By Robin Wright
Washington Post Staff Writer
Wednesday, July 2, 2008
NEW YORK, July 1 -- Iranian Foreign Minister Manouchehr Mottaki said Tuesday that prospects for a military attack by either the United States or Israel on the Islamic republic before the end of the Bush administration are "almost nil," and he dismissed a recent Israeli military exercise and warnings from Washington as "psychological warfare."
"Even at the peak of the psychological warfare, we were saying that we don't believe that this war will happen," Mottaki said. "It's one thing to say whether such an act is plausible, which we wouldn't negate. What we negate is the chance that such a desire to go to war will be met," in part because U.S. public opinion is opposed to another war.
In a long interview with American journalists, Iran's top diplomat also indicated a readiness to negotiate a U.S.-backed proposal to end the standoff over Iran's nuclear program. Iran is "seriously and carefully examining" it, Mottaki said.
"We believe that talks are a good foundation for continuing our conversation in this field. . . . We view the position taken by the five-plus-one as a constructive one," Mottaki said, referring to the offer made by the world's six major powers. After it was presented by European foreign policy chief Javier Solana, he added, "we saw the potential for the beginning for a new round of talks." Mottaki said he will write a formal response within the next "couple of weeks."
Diplomats from the United States, Russia, China, France, Britain and Germany had not been optimistic that Iran would accept a reformulated package of political, economic and security incentives, designed to get it to suspend its uranium enrichment and begin a dialogue.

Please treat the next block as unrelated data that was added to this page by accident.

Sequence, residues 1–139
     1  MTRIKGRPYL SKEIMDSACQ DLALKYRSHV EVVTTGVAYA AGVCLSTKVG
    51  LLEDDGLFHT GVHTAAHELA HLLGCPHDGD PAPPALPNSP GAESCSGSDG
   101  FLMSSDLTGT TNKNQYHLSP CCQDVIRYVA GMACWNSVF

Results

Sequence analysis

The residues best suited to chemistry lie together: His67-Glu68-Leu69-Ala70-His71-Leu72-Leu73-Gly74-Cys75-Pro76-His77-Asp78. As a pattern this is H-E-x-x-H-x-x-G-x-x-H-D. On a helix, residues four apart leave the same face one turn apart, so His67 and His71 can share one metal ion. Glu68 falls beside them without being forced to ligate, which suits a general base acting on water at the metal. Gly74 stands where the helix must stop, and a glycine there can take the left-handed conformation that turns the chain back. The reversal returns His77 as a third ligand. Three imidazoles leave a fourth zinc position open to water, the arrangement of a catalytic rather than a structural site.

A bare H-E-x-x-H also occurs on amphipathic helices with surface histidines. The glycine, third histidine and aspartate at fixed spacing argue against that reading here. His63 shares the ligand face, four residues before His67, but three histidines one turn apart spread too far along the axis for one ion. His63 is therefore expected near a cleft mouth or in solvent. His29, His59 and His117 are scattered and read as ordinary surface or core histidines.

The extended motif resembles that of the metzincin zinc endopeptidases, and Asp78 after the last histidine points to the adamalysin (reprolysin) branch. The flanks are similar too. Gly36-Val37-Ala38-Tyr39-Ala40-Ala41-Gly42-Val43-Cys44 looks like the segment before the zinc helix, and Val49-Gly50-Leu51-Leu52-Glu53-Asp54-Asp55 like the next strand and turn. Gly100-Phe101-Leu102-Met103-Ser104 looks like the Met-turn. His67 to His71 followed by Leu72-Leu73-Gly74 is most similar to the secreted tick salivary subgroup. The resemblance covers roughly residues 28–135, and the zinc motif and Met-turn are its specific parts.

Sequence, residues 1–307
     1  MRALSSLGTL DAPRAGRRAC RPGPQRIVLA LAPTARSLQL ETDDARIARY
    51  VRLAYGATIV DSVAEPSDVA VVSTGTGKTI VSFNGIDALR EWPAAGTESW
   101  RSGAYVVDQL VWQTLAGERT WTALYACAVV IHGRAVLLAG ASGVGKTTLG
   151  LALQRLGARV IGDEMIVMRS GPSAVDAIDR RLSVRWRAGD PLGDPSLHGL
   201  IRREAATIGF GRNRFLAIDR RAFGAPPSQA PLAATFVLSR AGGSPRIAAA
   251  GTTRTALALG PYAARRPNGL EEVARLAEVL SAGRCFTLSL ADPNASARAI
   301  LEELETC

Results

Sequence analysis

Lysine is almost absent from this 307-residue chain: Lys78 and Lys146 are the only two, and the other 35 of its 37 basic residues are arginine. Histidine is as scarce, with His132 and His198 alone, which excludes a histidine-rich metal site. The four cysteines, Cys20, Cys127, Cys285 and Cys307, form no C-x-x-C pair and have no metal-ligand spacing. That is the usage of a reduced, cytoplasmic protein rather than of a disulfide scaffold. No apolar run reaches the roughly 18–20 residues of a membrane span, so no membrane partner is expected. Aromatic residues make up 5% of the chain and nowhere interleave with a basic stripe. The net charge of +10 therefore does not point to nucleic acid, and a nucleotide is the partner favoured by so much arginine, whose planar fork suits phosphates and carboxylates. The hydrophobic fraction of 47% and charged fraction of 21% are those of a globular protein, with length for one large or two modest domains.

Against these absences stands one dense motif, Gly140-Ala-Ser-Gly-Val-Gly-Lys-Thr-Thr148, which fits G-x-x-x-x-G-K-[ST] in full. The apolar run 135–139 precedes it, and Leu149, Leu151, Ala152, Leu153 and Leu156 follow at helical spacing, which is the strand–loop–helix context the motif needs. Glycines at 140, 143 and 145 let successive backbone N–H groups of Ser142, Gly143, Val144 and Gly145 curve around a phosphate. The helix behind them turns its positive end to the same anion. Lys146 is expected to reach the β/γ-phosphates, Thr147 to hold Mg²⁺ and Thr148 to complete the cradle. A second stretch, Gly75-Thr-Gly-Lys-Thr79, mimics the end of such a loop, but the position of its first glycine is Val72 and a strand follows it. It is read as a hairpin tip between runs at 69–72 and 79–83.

But Mottaki's remarks came on the same day that the senior foreign policy adviser to Iranian Supreme Leader Ayatollah Ali Khamenei suggested in a newspaper interview that Iran may not reject the deal.
"Those who work against our interest want us to reject them. Therefore our interests lie in accepting them," Ali Veliyati, a former Iranian foreign minister, told the right-wing newspaper Jomhuri Islami.
Shaul Bakhash, an Iranian-born political scientist at George Mason University, said the pair of comments "suggest that the Iranian government is much more interested in finding a negotiated settlement to the nuclear issue."
Mottaki, who is here on United Nations business, refused to comment on whether Iran is sticking to its long-standing refusal to suspend uranium enrichment as a precondition for a new diplomatic dialogue.
In Iran last month, Solana proposed a "freeze-for-a freeze" for a short period, possibly six weeks, when Iran would suspend enrichment and the six powers would freeze further punitive action, according to a senior European official. If the freeze produced progress at talks, it could become a long-term suspension by both sides.
Iran had earlier dismissed that kind of proposal but did not at the talks with Solana, the European envoy said.
On the subject of Iraq, Mottaki said Iran believes the government of Prime Minister Nouri al-Maliki will not accept the controversial status-of-forces agreement sought by Washington. "It is our understanding that Iraq will not sign it," he said.